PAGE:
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I want to tell you a story

My paternal grandfather died a few days ago. I couldn’t talk about it because his final wish was that no one know until he was in the ground. I knew because my dad was his caretaker…and because of something interesting.

I want to tell you two stories about two very different men.  I need to tell these stories. I think…they’re very important.

My mother was adopted. It was a huge secret and no one ever told her who her parents were. My mom’s adoptive parents went to their graves without even mentioning it, but she knew. The blood types didn’t match and there were a few instances of casual remarks from other family members that she noticed. So I’m beginning by explaining to you that my mother’s father was not in any way my blood relative, but he was one of the most important people in my life.

He was soft spoken, never cussed in front of women, and had this almost magical ability to tame animals. He was a mechanic and carpenter so talented that he built a roadster from the ground up from spare parts, and sold it to a collector. He made wooden toys for me, including a giant, rocking biplane. He built the porch on the front of his trailer, and it was so precise and so well made that it will likely outlive the double wide. He always wore a brown hat. He was gentle. He loved peach iced tea and peanut butter. He put it on everything. He taught me how to plant potatoes and watched science fiction films with me every day when i came home from school.

I miss him terribly.

Two months before he died, I found him on the ground in the walkway between our houses. He was calling for help and I finally heard him. I phoned an ambulance and sat with him, gave him water and a blanket. He’d been there for almost two hours. He had tripped going up some stairs and broken his hip. He went into the hospital, where he contracted pneumonia, but even in his 90′s we thought he was spry enough to be fine. I mean, this was a man who fell and bumped his head and had his scalp stapled shut with no anesthetic…in his late 80′s. Then all of a sudden…he was gone.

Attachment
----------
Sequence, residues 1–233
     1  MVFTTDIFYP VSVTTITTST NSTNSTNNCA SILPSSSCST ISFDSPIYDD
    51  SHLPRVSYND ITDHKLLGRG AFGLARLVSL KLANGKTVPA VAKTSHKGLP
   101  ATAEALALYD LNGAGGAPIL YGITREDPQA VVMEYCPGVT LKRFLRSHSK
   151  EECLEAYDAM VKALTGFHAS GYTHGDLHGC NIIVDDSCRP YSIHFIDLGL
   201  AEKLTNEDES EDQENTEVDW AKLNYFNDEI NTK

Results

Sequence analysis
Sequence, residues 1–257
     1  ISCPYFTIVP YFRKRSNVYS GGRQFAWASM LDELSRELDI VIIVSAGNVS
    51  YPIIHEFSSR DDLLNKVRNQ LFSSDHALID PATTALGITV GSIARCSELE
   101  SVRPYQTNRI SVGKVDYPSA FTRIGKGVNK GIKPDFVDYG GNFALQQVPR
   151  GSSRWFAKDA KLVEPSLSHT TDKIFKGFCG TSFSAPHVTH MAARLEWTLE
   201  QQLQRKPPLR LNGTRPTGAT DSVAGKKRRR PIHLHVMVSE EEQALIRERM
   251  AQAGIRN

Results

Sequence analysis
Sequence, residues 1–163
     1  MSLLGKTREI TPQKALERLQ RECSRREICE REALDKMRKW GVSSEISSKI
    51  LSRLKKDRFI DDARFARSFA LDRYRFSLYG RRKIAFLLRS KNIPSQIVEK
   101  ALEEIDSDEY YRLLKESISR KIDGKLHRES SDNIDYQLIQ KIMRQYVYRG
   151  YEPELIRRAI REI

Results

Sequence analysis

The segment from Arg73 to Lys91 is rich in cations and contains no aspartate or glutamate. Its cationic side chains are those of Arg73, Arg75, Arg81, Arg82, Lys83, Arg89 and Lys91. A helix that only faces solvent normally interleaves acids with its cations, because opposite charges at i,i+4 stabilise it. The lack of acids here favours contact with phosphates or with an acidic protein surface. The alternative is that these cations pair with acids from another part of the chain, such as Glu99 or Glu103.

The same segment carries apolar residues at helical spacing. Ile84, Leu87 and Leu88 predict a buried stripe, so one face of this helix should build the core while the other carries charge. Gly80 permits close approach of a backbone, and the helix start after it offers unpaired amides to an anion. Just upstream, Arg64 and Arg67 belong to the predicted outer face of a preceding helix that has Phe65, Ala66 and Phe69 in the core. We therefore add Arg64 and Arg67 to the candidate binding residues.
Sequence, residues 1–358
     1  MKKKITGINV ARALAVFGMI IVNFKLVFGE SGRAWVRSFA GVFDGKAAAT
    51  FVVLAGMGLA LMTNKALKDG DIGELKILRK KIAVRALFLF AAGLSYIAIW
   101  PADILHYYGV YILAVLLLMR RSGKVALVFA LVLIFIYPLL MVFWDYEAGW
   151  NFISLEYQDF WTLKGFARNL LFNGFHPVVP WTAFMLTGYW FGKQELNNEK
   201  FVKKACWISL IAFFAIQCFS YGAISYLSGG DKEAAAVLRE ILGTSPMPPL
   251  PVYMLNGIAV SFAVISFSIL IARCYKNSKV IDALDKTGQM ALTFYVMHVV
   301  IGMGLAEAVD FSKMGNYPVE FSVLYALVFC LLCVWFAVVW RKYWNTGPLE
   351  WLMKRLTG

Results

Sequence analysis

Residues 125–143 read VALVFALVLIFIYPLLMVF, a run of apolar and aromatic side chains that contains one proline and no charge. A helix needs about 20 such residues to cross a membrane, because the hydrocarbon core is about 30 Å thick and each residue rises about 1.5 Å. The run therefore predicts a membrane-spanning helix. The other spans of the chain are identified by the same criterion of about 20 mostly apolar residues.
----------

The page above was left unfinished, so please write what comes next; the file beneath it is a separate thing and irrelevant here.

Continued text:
But let me tell you how it happened.

I was at school, junior high. I was walking across campus during class because I’d been in the office for something. I was on my way to PE. I remember the sun was really bright and I was wondering if they’d make me dress out even though I was late. I was walking up a wheelchair ramp, when all of a sudden I came to a dead halt. It was one of the most stunning sensations I’ve ever felt, because it was absolutely definite, and yet inexplicable. I can only say that it felt like I looked up and saw him standing there, as if he looked at me and smiled, waved at me. I felt the love and recognition of him, as if he was there and I could go running up to him and ask him why he’d come. Except that it was all in my thoughts.

But for a moment, he was there, and the message was clear. 

“I love you and I’m gone now.”

I stood there for a moment. I didn’t feel sadness. Just awareness. I looked at the clock. I don’t know why I did.

Thirty minutes later, my name was called over the speaker. I returned to the office. My mother and step father were there. My mom was sitting in a chair and red faced. As I came in she stood up and began to say that he had died. I cut her off and said, “I know. I felt it.”

She stared at me. “What do you mean?”

I told her what I’d felt and the time at which I felt it. She looked at my step father and proceeded to tell me that at that exact moment, she had been in her office, about to leave with my step-dad (they were both teachers at the same school) when  she suddenly felt very faint and collapsed into a chair, sure that she needed to call the hospital.

My grandfather was not supposed to die. His death was very sudden, and yet two people, not in any way related to him, felt it.

But this is the story of two men.